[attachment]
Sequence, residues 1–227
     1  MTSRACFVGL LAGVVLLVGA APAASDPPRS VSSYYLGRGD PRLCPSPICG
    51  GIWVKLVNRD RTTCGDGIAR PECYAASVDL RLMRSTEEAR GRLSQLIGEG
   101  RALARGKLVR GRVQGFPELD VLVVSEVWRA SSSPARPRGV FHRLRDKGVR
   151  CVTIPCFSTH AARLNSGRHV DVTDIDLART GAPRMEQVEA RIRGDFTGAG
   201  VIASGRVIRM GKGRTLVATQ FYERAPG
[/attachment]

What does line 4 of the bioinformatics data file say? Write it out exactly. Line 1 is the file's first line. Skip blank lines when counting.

   101  RALARGKLVR GRVQGFPELD VLVVSEVWRA SSSPARPRGV FHRLRDKGVR